Prevention of Orthopaedic Implant Related Bacterial Infections by Using Novel Plasma Surface Treatments
DescriptionMetallic materials such as titanium (Ti-6AI-4V) alloy and stainless steel are widely applied in orthopaedic surgeries. However, wound debridement or implant removal due to bacterial infection is often seen if conventional antibiotic therapy fails. Bacterial adhesion on implant surface is important to the pathogenesis of bacterial infection. Inhibition of initial bacterial adhesion on the surface is essential in avoiding subsequent bacterial infection. Previous studies reveal that altering the surface chemistry and morphology of the implantable material is critical to inhibiting bacterial adhesion and proliferation. By using novel plasma immersion ion implantation (PIII) surface technology, we can modify the surface characteristics of currently used medical grade titanium alloys so as to prevent the post-operative bacterial infections.Preliminary in-vitro results suggest the oxygen and water plasma treated alloys can significantly reduce the bacterial adhesion, thereby minimizing the possibility of post-operative infections. This proposal aims at establishing the correlations between implantation parameters and bacterial adhesion behaviour of Staphylococcus aureus and Pseudomonas aeruginosa, two strains of bacteria commonly seen in orthopaedic infections. We shall comprehensively study the surface characteristics, mechanical, in-vitro and in-vivo biological and antibacterial properties. A favourable outcome is expected and this can absolutely pave the way for clinical trial and ultimate commercialization.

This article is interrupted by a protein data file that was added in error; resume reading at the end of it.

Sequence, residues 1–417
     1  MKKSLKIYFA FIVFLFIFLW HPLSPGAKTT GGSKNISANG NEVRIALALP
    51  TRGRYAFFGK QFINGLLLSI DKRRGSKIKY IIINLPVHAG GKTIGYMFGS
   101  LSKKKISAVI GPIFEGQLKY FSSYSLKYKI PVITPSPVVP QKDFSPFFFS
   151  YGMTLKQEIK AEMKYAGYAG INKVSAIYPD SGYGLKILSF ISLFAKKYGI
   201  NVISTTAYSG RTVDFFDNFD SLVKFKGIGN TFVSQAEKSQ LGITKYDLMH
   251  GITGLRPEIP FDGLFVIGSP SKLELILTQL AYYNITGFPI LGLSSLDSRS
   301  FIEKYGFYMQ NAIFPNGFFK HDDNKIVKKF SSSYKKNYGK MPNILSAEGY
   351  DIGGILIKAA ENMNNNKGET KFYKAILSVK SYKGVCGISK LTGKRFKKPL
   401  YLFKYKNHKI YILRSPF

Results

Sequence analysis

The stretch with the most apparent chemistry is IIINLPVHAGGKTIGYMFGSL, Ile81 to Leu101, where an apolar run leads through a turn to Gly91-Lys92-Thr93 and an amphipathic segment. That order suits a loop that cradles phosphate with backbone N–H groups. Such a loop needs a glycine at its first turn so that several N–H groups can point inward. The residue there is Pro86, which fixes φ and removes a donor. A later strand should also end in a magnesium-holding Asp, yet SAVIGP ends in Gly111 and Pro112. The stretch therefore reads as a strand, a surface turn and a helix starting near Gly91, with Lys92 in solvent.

|Effective start/end date||1/04/10 → 30/04/11|